Emma in the Night: Review

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Emma in the Night by Wendy Walker

Release Date: 8 August 2017
My Rating: 4/5

Cass and Emma, close teenage sisters, disappear from their safe suburban town. Three years later Cass knocks on her mother’s front door, frantic for help rescuing her sister. Cass recounts a grotesque tale of imprisonment. The original team assigned to her case, an older FBI agent and his doctor (psychiatrist) compatriot, descend on Cass to try to find her sister and give this tragedy a happy ending. But nothing can prepare those around Cass for the secrets she will divulge, both from during and before the kidnapping. Cass’ return seems at first an end to the horror but it is merely the beginning.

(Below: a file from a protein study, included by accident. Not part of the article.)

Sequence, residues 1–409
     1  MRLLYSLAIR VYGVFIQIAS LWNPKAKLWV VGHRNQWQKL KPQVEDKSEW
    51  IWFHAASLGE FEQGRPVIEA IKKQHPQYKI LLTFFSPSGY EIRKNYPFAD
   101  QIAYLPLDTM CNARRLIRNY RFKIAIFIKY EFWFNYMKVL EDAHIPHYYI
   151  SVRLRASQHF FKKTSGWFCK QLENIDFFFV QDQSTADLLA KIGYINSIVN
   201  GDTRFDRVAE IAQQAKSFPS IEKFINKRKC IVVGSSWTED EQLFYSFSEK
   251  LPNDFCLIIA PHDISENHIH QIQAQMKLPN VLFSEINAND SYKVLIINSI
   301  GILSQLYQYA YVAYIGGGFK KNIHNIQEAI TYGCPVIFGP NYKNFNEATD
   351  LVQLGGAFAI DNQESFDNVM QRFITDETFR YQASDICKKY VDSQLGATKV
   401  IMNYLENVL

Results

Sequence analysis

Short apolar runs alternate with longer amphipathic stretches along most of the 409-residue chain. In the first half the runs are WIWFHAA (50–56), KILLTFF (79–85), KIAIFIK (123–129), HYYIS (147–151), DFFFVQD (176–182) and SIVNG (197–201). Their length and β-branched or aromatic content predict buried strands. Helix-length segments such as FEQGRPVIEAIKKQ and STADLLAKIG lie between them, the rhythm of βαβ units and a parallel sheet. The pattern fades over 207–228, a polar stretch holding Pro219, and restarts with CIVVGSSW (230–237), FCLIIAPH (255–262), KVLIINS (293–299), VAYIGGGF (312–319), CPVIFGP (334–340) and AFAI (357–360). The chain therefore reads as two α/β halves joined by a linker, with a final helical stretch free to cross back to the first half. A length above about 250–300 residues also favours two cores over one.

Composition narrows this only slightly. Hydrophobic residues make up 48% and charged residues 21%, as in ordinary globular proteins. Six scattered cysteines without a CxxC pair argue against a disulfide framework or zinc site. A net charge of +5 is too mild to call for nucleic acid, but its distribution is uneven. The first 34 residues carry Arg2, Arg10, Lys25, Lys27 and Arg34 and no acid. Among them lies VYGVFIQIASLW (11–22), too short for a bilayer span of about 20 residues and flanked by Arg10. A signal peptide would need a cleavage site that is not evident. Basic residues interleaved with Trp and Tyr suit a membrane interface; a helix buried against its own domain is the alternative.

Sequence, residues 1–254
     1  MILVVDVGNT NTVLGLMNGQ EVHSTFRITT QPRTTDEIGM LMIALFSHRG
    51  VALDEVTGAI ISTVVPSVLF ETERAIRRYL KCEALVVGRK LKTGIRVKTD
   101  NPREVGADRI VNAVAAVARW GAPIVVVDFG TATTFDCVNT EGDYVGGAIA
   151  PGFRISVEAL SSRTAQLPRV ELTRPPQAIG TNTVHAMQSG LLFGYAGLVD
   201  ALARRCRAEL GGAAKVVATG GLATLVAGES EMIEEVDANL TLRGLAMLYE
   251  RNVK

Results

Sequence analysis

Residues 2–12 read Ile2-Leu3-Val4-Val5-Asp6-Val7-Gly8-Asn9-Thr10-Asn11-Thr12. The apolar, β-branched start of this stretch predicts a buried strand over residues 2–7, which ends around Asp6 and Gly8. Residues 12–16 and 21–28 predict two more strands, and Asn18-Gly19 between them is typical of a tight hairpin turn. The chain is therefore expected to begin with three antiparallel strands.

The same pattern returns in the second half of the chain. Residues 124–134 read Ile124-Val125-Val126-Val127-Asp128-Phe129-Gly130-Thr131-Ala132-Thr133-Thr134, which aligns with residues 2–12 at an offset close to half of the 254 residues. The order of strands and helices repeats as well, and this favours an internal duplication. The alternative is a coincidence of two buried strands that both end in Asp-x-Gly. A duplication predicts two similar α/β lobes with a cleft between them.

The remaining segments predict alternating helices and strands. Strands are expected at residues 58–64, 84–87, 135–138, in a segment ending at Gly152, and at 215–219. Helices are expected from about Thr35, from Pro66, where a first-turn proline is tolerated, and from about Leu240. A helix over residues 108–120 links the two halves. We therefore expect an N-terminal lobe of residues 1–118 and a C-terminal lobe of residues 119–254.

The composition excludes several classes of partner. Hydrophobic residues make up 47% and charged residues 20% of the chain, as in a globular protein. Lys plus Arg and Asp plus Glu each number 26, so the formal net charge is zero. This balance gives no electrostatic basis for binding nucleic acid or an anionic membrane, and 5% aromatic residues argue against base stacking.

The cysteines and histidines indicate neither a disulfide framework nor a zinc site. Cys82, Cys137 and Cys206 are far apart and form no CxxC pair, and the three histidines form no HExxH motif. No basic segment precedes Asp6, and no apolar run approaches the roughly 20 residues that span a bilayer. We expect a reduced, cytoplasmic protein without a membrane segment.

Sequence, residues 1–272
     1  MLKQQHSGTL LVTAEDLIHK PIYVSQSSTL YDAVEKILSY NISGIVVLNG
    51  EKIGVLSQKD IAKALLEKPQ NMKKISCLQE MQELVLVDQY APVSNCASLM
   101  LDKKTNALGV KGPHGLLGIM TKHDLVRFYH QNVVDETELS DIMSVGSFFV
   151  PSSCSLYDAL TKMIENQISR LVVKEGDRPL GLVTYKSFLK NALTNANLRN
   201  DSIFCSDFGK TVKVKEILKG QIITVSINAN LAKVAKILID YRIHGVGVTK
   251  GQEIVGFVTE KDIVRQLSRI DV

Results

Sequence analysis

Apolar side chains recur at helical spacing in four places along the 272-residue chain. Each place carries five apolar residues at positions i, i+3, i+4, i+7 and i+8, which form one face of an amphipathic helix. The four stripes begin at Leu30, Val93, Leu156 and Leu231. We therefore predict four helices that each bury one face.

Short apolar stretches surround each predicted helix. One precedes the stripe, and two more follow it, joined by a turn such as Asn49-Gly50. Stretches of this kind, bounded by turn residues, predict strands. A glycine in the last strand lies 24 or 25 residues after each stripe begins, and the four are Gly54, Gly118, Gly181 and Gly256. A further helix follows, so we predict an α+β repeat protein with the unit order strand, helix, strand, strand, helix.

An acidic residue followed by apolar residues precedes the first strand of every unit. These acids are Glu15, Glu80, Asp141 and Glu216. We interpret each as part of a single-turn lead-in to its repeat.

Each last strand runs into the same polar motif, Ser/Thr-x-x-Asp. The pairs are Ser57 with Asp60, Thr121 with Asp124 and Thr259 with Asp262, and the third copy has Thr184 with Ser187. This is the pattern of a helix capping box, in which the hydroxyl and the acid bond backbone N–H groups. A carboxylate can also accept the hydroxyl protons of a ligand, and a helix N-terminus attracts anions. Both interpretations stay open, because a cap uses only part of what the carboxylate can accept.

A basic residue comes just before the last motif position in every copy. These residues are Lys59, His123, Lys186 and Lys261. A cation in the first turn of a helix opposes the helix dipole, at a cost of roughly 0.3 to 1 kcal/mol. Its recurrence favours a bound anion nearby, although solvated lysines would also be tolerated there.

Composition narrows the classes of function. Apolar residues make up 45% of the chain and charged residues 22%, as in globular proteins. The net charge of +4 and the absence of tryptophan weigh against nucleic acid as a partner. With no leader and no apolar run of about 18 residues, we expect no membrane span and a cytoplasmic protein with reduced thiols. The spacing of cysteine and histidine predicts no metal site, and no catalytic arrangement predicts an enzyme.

Full disclosure: I did not like Wendy Walker’s previous novel, “All is Not Forgotten.” I disliked it so much, in fact, that I felt guilty picking up the ARC of “Emma in the Night” for an unbiased review. This novel is worlds apart from her previous. Sensitivity toward different personality disorders, particularly that of a borderline and a narcissist, allowed the characters to be so much more than their handicaps. The story reveals the impact these disorders have on those around them which is quite the difficult task to realistically convey. My only complaint was that the novel truly “showed it’s research” which is to say that sometimes the exposition on psychiatric illness felt textbook-y and pasted in rather than natural. Walker was able to make this work by having the more clinical analysis delivered by the psychiatrist but she became (slightly) repetitive in her case diagnostics. The tale switches perspectives between Cass and her psychiatrist, both with their own unreliabilities and both very sympathetic. Beginning as a straightforward kidnapping tale this story develops into a full throttle psychological thriller. Hard to put down. Recommended. ~Thanks to St. Martins Press and netgalley for the ARC~

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